This post is sponsored by Anchor Distilling, makers of Junipero gin and Genevieve genever-style gin.
Gin History, In General
Dutch genever and English Old Tom gin predate the London Dry style of gin that dominates today. Much credit for the popularity of gin in England is given to William of Orange, who was the king of Holland and then England (making the British people familiar with genever) and who imposed tariffs/bans on products from Catholic France, including cognac (forcing folks to drink local).
In England Old Tom and then London dry styles of gin proliferated and the era known as the Gin Craze in the mid-1700s was an epidemic of over-consumption. Over a 100-year period during and after the Gin Craze, most of the older London Dry brands, including Bombay, Gordon's, and Tanqueray launched.
In America, many early gin cocktails were made with genever. As David Wondrich points out in Imbibe, until the 1890s there wasn't much London dry style gin in the US at all.
During US Prohibition, "gin" was often raw spirits adulterated with juniper oil and other flavorings like turpentine. After Prohibition and into the Martini-filled Mad Men era, gin ruled the day, but in 1967 vodka outsold gin for the first time and has remained on top ever since.
Today, there are hundreds of new gin brands created internationally and at the 600+ new microdistilleries in the US. The mixology and craft distilling renaissances have combined to make gin a very exciting category over the last two decades. So many new gin brands are launching that it's nearly impossible to keep up.
Recent History and the US Gin Launch Timeline
In looking at the US Gin Launch Timeline (the launch dates of about 75 gin brands to the US market), we can make a little more sense of the American gin renaissance. Much credit must be given to the big brands who promoted a lighter, less juniper-forward style of gin and marketed the heck out of it to steal back some market share from vodka drinkers. This includes Bombay Sapphire in 1987, Plymouth's relaunch in 1998, and Tanqueray No TEN in 2000, among others.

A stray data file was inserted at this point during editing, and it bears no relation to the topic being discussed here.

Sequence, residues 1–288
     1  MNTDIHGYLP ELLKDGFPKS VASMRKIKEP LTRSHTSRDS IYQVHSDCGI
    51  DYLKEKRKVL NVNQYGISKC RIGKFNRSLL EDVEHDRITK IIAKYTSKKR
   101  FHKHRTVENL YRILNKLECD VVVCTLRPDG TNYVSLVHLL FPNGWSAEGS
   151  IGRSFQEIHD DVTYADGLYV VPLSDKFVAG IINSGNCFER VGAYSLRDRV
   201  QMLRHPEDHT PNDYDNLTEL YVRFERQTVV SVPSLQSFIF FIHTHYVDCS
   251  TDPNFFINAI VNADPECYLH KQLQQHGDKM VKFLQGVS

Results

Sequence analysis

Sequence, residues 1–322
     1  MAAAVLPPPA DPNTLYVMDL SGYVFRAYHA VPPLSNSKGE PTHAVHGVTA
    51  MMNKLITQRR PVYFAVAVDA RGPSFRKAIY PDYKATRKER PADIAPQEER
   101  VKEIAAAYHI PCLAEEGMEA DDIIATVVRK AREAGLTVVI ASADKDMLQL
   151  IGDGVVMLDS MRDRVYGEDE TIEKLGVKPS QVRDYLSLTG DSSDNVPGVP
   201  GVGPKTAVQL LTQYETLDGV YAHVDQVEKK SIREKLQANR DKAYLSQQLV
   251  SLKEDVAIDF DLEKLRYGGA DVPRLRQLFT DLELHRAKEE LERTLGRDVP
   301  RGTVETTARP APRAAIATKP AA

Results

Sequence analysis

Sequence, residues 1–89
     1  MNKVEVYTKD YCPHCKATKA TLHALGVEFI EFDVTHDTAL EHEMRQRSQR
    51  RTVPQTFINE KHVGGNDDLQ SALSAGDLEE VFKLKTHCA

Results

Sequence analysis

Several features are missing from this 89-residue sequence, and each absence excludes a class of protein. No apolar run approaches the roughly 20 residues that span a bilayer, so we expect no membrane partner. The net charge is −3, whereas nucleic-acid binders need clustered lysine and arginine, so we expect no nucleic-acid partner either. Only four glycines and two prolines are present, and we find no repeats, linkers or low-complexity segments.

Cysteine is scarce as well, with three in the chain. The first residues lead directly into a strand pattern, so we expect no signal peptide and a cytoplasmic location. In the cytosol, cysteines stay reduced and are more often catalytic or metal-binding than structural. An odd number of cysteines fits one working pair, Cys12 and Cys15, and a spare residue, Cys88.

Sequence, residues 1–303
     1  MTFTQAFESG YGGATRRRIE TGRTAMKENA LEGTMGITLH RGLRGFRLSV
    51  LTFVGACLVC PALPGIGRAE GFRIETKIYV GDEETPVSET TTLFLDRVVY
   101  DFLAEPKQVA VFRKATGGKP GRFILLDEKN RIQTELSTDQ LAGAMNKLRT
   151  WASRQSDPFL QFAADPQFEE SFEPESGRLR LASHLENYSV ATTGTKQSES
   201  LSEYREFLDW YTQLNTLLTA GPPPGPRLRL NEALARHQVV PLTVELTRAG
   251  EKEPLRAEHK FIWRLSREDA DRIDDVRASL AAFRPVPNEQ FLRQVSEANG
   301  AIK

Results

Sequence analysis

Overlapping somewhat with these launches were the new "fun" brands Hendrick's and Martin Miller's, each with new and interesting botanicals. Hendrick's came to the US in 2000 and Martin Miller's regular and Westbourne (navy) Strength in 2003.
These brands all came out of the UK, however. In the 1990s, the US the micro-distilling movement was in its infancy. California distilleries St. George Spirits and Germain-Robin both opened in 1982 and Charbay in 1983, and all focused mainly on fruit brandies at the time.
San Francisco's Anchor Distilling was founded in 1993 and launched its first product, a single-malt rye whiskey, in the beginning of 1996.
Back to the gin. In 1996, both Anchor Distilling's Junipero and Bendistillery's Cascade Mountain (later changed to Crater Lake) Gin both launched. Junipero was bold: nearly 50% alcohol by volume and bursting with juniper. Cascade Mountain (47.5% ABV) is an infusion of juniper berries (with no other botanicals) in neutral alcohol, post-distillation- a different beast entirely.
Idaho's Bardenay launched in 2000, and Hampton's and Leopold Bros. in 2001. According the Wayne Curtis in The Atlantic, "There were about 70 small distilleries across the United States in 2003; today there are more than 600."
A few brands launched each year after that, and then in 2006-2007 things really picked up steam with half-dozen or so launching in each of those years. The pace of new gin launches has only increased since then, probably exponentially.
Old Tom and Genever
When David Wondrich's book Imbibe came out in 2007, he mentioned that sometimes you could find a few genever imports but one might have to make due with a mix of Irish whiskey, London dry gin, and simple syrup. Luckily that era didn't last too much longer. The small jonge-genever style import Zuidam was available in some markets, Anchor Distilling's Genevieve was released in 2007, and Bols Genever made a slow but successful entry into the category in 2008.
For Old Tom gin, there hasn't been very much on the market - I assume bartenders prefer the crisper London-dry style even in drinks that once called for Old Tom, but the lightly-sweetened Hayman's was imported in 2007 and the lightly-aged Ransom came along in 2009. In 2014, Tanqueray released a new Old Tom onto the market.
In my next post, I'll get into the specifics of how they created Junipero and Genevieve at Anchor Distilling.